Dog’s Movie House: “Stronger” A Powerful Tale Of Redemption!


Howdy Folks!  It’s The Kendog!



Jake Gyllenhaal In “Stronger”

The bombing of the Boston Marathon bombing in 2013 has been covered quite extensively in the world of cinema, most recently in the Mark Wahlberg film “Patriot’s Day.”  But what we haven’t seen much of is the stories of the survivors of that terrible day and what they went through to rehabilitate themselves in the face of some pretty horrific odds.   “Stronger” David Gordon Green’s latest, does just that, focusing on the incredible true story of Jeff Bauman, a young man who lost both legs in the blast and had to fight not only to regain mobility, but to discover who he was as a person.

“Stronger” feature Jake Gyllenhaal in an incredible performance as Bauman, a twenty – something slacker in Boston who still lives with his mother and works aimlessly in the meat department at Costco.  His only true passion seems to be rooting for his beloved Boston Red Sox for which he takes credit for every single victory.

Bauman does have a girlfriend. . .sort of.  Her name is Erin (Tatiana Maslany) and the two of them have broken up and gotten back together a number of times, mostly due to Bauman’s inability to make a commitment.  He tries to come through for her on the day of the Boston Marathon, waiting for her to finish the race and standing on the finish line.  Unfortunately he’s at ground zero when the bombs go off and he loses his legs above the knee in the process.  The images of him being carted off along with his help in identifying one of the bombers make him a hero in Boston, a position he’s unable to accept.  What follows is an engaging look into a man trying to put himself together both physically and mentally in the face of incredible challenges, some of them brought on by the flaws in his own character.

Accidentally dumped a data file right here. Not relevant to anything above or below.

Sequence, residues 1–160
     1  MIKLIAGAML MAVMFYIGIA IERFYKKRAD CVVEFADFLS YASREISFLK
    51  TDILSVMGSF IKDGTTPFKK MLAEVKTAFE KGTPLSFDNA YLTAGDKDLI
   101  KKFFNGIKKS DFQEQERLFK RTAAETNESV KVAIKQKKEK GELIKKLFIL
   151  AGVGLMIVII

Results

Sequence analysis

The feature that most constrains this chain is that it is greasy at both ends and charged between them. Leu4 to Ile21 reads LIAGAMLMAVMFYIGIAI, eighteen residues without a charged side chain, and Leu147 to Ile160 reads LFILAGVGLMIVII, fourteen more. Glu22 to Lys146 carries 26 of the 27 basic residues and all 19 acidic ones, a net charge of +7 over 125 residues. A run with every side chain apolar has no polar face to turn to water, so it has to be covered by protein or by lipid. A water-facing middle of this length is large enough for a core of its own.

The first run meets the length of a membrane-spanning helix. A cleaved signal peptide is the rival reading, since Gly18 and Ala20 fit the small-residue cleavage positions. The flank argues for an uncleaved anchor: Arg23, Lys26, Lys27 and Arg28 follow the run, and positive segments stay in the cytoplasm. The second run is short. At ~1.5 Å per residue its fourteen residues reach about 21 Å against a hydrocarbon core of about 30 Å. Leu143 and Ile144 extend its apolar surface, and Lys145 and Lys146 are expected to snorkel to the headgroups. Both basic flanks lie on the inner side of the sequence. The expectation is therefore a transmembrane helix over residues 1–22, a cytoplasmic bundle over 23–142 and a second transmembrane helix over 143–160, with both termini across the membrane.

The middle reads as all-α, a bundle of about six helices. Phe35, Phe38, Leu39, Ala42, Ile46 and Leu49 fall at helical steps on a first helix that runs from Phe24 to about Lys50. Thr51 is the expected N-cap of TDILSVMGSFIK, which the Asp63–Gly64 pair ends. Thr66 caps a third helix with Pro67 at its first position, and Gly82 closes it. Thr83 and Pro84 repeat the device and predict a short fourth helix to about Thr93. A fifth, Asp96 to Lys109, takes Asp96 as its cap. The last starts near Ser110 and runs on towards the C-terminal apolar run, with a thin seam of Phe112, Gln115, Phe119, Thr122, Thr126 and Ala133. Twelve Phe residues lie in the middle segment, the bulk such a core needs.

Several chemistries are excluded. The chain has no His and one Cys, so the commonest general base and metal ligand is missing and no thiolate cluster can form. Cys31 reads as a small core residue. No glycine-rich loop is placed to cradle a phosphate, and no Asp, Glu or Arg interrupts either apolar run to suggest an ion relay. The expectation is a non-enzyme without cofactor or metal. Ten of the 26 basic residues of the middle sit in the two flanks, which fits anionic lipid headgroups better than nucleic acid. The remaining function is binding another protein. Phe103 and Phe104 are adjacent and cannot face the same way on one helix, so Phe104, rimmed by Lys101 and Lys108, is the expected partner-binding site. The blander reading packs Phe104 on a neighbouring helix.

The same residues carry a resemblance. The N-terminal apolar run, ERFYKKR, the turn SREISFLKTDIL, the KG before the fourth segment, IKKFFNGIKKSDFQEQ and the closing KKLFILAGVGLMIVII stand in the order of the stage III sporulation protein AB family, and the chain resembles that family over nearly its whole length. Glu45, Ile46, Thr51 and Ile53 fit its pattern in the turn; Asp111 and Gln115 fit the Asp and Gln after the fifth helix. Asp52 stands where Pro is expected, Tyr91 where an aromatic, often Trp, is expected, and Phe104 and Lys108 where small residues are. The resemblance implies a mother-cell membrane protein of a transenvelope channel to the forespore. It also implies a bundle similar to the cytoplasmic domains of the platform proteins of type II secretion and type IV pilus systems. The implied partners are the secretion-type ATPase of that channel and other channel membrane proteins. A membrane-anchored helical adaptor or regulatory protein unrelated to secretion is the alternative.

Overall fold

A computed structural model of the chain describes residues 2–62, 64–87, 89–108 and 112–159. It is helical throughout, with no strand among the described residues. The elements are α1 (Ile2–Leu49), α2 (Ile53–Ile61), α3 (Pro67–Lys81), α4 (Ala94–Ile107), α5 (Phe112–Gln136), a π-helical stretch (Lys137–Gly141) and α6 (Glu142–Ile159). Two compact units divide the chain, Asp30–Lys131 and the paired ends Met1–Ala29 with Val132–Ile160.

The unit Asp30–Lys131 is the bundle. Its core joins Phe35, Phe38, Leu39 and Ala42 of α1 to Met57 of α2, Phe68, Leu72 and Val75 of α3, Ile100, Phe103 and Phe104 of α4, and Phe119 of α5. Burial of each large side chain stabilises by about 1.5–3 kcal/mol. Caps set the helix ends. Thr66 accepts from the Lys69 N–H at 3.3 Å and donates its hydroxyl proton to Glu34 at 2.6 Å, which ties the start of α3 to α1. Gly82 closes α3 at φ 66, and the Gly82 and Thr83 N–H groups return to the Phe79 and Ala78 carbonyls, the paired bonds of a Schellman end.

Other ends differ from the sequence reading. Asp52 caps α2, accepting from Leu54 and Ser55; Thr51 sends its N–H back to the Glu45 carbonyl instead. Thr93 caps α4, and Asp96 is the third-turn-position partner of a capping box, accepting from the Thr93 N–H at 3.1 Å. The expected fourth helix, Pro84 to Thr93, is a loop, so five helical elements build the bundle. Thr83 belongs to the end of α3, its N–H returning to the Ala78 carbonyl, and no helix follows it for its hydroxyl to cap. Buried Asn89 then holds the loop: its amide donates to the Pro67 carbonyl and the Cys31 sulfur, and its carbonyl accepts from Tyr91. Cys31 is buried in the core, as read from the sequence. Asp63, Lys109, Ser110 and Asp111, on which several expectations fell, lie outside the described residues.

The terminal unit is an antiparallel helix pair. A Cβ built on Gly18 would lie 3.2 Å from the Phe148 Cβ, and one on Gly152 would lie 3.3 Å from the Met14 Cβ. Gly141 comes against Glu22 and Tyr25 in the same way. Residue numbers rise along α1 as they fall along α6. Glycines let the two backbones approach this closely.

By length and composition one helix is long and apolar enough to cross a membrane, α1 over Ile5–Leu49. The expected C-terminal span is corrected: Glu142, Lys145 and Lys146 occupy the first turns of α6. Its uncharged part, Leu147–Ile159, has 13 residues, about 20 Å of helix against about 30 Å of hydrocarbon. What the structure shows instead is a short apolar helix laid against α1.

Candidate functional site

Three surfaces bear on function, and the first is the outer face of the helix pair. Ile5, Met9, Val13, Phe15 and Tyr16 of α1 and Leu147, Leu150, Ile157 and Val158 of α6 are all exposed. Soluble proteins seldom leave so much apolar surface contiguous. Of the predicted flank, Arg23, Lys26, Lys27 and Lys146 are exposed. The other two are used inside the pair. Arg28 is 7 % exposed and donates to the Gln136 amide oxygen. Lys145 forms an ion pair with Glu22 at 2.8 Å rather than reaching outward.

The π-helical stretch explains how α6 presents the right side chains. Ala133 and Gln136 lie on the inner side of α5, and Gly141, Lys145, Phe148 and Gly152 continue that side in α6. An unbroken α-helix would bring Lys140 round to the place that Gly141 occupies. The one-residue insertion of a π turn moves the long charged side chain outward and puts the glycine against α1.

“Stronger” benefits from a strong script by John Pollono that isn’t afraid to present the characters as three dimensional entities which means that we get to see the whole picture, warts and all.  This especially applies to Gyllenhaal’s Jeff Bauman, who spends most of the film fighting demons that were their long before he lost his legs in the bombing.  It brings to mind the hero’s journey of Sharlto Copley’s Wikus in “District 9” in that Bauman is a decent but flawed figure whose journey takes the entire film.  The loss of his legs doesn’t make him a saint, nor does it automatically make him any more driven to get better.  Bauman’s emotional destination has to be earned and that process makes for a very rewarding viewing experience.

Along with Gyllenhaal’s award-worthy performance, Maslany is equally good as Erin, a driven woman who loves Jeff but is frustrated by his lack of ambition and commitment.  Miranda Richardson is in fine form as Jeff’s overbearing, alcoholic mother who speaks of sacrifice without really ever considering what it might really mean.  Clancy Brown does some good work as Big Jeff, Bauman’s father who has trouble expressing his emotions.  (His first response after seeing his son’s legs is to go get something to eat).

Bauman’s journey is an incredible thing to watch and if I had any trouble with the film at all, it’s the obnoxious nature of Jeff’s family.  They’re loud, profane, crude, and paired with that harsh Boston accent, make you want to punch them in the face during various parts of the movie.  Sometimes you doubt if some of the family members even care about Jeff’s plight.   Overall, though, Gyllenhaal and Maslany carry the day and make “Stronger” one of the most rewarding experiences at the movies this year!  4 1/2 Out Of 5 On Kendog’s Barkometer!  So Sayeth The Kendog!  



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